WHEREAS, African-Americans represent approximately 12 percent of the population in the United States, but only three percent of the total science and engineering labor force, less than one percent of scientists and engineers, two percent of doctoral scientists and engineers, and one quarter of one percent of computer scientists; and

WHEREAS, if the declining number and percentage of African-American high school and college students choosing careers in the biological and physical sciences that require undergraduate and advanced degrees in chemistry, technology, medicine, computer science, physics, mathematics, engineering, and biology continues unabated, the serious shortage of African-American scientists, mathematicians, physicians, computer scientists, and inventors would cause serious harm to America's leadership in scientific research; and

WHEREAS, the dreams and aspirations of too many African-American youth have withered and must be revitalized with the message that they descend from the loins of a proud and noble people who expected and settled for nothing less than excellence in every endeavor, and whose greatness is an indelible mark on the world; and

WHEREAS, it is vital that the citizens of the Commonwealth, especially young African-Americans, realize and appreciate the important contributions of their forebears and contemporaries to the creation and development of Virginian and American society; and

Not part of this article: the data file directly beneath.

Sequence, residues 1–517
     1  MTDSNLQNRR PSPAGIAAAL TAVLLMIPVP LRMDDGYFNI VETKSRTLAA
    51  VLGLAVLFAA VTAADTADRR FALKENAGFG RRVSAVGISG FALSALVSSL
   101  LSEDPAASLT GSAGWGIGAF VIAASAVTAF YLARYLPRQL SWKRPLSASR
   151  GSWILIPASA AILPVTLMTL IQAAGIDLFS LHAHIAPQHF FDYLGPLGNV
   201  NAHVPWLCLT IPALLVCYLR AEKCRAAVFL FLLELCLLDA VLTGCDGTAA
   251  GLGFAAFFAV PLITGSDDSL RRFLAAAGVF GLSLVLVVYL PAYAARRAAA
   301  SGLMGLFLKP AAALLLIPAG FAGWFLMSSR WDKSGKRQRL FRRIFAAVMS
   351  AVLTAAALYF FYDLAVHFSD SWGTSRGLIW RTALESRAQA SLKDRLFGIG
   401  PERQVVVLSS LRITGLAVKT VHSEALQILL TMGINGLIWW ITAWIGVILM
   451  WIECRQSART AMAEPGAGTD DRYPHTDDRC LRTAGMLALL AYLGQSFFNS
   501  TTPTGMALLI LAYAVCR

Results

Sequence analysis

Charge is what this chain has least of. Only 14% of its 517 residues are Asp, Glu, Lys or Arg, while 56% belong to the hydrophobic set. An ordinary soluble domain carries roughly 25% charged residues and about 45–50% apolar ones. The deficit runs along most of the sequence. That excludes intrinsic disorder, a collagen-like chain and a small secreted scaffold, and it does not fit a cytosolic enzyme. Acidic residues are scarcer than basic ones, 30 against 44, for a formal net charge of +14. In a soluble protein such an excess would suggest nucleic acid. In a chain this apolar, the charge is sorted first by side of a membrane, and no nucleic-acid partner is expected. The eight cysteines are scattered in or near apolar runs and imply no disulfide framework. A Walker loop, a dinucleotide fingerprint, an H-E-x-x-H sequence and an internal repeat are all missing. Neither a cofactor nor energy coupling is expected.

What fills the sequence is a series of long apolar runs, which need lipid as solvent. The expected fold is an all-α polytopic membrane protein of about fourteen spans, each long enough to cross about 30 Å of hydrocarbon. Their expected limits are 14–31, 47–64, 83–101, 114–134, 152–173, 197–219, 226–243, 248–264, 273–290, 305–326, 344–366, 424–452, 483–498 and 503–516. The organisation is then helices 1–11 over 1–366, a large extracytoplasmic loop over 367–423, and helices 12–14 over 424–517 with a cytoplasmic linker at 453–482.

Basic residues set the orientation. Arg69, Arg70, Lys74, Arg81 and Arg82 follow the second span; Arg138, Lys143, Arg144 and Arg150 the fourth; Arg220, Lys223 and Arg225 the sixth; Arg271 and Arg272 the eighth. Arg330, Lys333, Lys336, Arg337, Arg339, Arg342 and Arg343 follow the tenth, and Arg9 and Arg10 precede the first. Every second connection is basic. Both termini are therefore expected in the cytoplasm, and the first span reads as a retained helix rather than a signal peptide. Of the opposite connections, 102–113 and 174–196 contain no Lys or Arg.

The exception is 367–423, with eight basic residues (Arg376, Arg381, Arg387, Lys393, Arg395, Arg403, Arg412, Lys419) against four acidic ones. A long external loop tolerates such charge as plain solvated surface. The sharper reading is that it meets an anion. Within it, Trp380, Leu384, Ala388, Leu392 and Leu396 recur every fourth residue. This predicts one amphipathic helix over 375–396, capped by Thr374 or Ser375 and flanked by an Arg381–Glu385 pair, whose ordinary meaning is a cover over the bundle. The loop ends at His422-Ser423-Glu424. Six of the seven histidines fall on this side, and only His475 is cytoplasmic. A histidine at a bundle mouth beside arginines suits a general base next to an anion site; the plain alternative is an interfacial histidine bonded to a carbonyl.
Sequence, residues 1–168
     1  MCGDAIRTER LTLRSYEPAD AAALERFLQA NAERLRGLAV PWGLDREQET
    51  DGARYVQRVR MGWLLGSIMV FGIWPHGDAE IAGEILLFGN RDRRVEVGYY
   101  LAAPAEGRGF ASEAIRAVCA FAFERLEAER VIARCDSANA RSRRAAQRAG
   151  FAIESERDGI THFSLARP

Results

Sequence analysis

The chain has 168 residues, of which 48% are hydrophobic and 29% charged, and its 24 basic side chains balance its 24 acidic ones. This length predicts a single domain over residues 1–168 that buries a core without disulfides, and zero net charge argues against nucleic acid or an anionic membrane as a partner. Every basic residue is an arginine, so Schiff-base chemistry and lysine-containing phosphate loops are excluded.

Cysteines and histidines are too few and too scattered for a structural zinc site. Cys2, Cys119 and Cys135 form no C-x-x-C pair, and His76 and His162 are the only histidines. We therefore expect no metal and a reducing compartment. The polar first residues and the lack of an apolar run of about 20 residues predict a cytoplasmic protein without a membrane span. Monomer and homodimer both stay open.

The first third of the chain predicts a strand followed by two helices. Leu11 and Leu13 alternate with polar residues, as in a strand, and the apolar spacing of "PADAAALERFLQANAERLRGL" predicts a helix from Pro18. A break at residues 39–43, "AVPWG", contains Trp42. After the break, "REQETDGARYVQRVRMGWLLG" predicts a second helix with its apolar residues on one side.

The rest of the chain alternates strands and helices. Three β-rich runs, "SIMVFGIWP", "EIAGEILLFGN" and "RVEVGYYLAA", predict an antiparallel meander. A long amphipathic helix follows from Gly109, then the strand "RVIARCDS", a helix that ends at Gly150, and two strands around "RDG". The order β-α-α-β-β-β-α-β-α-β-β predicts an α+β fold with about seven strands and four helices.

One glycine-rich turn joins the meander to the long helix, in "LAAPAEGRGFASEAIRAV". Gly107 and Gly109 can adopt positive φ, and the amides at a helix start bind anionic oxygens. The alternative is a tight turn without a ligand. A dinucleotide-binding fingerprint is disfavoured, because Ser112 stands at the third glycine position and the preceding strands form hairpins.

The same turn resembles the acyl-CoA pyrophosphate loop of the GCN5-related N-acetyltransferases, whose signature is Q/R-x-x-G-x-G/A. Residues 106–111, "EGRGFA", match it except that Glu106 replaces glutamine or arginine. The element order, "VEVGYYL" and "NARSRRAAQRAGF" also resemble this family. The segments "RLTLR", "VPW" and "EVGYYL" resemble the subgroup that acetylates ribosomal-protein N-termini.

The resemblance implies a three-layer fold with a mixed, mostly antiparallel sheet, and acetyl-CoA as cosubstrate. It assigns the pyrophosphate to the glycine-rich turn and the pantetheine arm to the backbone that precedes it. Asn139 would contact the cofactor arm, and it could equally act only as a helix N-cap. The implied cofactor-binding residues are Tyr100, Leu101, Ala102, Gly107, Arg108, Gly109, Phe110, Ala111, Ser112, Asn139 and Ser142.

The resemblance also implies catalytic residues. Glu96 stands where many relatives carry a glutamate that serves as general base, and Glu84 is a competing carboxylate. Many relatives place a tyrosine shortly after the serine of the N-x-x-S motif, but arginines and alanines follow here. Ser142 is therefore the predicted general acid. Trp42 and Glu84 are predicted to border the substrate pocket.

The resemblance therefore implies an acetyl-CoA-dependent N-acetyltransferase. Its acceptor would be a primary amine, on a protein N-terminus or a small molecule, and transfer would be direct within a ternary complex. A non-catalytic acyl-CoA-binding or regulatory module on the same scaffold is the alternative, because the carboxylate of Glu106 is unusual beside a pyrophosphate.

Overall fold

WHEREAS, to fulfill the Commonwealth's commitment to equal opportunity and prosperity for every citizen, it is imperative that African-American youth and Virginians of all races and ages realize that the fields of science, mathematics, engineering, and technology are available and accessible to every one; and

WHEREAS, it is fitting that the Commonwealth acknowledge and recognize the significant achievements and contributions of African-American scientists, mathematicians, and inventors, many of whom were native sons and daughters of Virginia, with a special day on which these great minds may be honored and esteemed; now, therefore, be it

RESOLVED by the Senate, the House of Delegates concurring, That February 25 each year be designated as "African-American Scientist and Inventor Day"; and, be it

RESOLVED FURTHER, That the Governor be requested to call upon the citizens of the Commonwealth to recognize and celebrate "African-American Scientist and Inventor Day" with appropriate commemorative activities in which all Virginians may unite and participate; and, be it

RESOLVED FINALLY, That the Clerk of the Senate transmit copies of this resolution to the Secretary of the Commonwealth, and to the Secretary of Education, the Superintendent of Public Education, the President of the Virginia Parents and Teachers Association, the President of the Virginia Education Association, the Director of the African American Inventors Institute, the President of Virginia Union University, and the Director of the Science Museum of Virginia, requesting that they disseminate copies of this resolution among their respective constituents so that they may be apprised of the sense of the General Assembly in this matter.